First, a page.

Just eBook It, Already


In preparation for my impending move, I recently decided to clean out my books. As one might expect of someone who has two degrees in English (and not the useful kind for teaching writing skills, but the impractical “literary studies” kind for reading books and having opinions about them), I’ve got … a lot of books. A ceiling-to-floor wall’s worth of books, stacked and double stacked atop each other like a disorganized library.

So, last week I took every book off the shelf and carefully went through the whole lot. It took hours. I reminisced, holding my tattered, highlighted copies of Woman Warrior and The Catcher in the Rye from high school English. I lovingly set aside Lolita and other books my favorite college professor had extolled.

By the end I had accumulated more than 100 books to sell at Bookoff or donate to the library.

As I sat on my bed and looked at the pile on the floor, I felt … guilty. There was nothing wrong with these books. They were all very fine books. In another lifetime, I know I would have read each and every one over and over.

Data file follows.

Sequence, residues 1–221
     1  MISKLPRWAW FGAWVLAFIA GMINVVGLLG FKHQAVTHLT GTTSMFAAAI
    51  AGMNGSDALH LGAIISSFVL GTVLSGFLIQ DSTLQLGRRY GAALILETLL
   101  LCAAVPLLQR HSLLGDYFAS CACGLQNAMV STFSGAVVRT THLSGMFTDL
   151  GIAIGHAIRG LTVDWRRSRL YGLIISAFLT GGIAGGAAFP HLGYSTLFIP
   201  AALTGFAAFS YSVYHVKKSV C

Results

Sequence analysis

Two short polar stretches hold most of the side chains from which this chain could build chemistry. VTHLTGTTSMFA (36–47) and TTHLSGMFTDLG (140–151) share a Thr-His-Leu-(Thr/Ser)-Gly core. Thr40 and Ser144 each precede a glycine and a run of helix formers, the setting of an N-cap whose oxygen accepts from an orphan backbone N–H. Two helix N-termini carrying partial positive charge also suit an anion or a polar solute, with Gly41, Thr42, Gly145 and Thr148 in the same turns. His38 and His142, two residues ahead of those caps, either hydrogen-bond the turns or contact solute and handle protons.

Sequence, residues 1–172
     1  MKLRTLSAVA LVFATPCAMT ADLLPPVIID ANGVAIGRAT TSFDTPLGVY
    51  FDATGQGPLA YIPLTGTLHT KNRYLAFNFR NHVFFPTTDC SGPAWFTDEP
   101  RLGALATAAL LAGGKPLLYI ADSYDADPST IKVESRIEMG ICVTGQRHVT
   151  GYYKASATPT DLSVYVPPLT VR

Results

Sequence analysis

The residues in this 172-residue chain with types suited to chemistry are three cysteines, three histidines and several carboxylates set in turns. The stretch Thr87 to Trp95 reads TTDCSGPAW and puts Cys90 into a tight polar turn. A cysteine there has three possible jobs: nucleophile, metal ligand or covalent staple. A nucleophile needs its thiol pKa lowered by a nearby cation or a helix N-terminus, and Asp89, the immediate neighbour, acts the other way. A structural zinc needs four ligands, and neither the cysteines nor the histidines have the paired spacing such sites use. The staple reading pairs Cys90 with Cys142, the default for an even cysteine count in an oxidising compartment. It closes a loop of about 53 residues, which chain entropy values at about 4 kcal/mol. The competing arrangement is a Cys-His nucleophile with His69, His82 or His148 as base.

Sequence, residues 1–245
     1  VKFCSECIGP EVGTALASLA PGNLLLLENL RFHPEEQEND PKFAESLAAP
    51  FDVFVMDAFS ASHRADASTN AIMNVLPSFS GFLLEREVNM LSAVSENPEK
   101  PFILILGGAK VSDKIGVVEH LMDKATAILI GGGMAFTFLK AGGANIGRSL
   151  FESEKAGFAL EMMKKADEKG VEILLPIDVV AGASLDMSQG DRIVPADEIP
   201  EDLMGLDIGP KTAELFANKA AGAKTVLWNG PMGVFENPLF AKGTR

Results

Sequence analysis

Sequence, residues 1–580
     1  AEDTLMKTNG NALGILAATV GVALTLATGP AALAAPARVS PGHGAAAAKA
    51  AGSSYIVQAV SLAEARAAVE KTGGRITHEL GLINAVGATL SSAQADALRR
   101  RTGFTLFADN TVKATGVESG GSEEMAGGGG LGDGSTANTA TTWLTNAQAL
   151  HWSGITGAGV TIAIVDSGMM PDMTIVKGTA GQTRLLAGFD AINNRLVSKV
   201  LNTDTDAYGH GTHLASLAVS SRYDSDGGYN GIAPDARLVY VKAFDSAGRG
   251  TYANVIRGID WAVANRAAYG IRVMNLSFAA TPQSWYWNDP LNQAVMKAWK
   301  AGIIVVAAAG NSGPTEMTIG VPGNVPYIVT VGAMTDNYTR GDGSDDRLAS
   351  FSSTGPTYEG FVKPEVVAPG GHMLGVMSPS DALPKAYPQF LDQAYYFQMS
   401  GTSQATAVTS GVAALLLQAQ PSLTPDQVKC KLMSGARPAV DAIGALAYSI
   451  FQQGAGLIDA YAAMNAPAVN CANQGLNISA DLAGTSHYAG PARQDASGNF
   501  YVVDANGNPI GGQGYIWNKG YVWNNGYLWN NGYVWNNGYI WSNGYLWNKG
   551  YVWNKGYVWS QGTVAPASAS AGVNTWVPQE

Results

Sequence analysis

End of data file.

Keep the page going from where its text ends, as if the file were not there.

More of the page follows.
But in this life, I know I don’t have the time or the inclination to read many of these books, and so they are better off in someone else’s hands, instead of just yellowing away on my shelf.

It struck me then that it had been a really long time since I had bought a physical book — more than a year, probably.

I’m a converted eBook aficionado now. Kindle Paperwhite, to be exact. (Aside from my general nonchalance about Amazon taking over my life, I find that Kindle has good support, performance and that oh-so-pretty white screen going for it. I’d just be worried to buy Barnes & Noble’s Nook with the precarious state of brick-and-mortar bookstores these days.)

Oh, I was resistant at first. You can’t beat the feel of paper on your fingers, I’d say. It’s harder to remember details when you read on a screen. It’s just not as intimate. Maybe I just like being old-fashioned!

The lady doth protest too much, me-thinks.

My defeat is thus: my kingdom for convenience. Amazon plied me with free books every month, and it was a lot easier to shove a Kindle in my purse (or pop open the app on my phone) than it was to carry the brick that is the 1,040-page A Clash of Kings.

I can read a chapter or two of something while waiting for someone, instead of just looking at Facebook. I mean, I’ve got 60 books on the thing right this second. Recent highlights in my reading: the cheesy-but-hey-it-was-free I Am Livia, about the passionate love of Augustus Caesar and Livia Drusilla, and The Song of Achilles, the most beautiful reimagining of the Trojan War ever written, ever.

If this is modernity, then I don’t want to go back to the old ways.

Not least of all because of that forlorn pile of unloved books on my floor, waiting for new homes.

Editor’s Note: Staff writer Paige Takeya is temporarily filling in for Christa Wittmier. Follow Paige on Twitter @lordmayocloud. Christa’s SuperTech column will return shortly.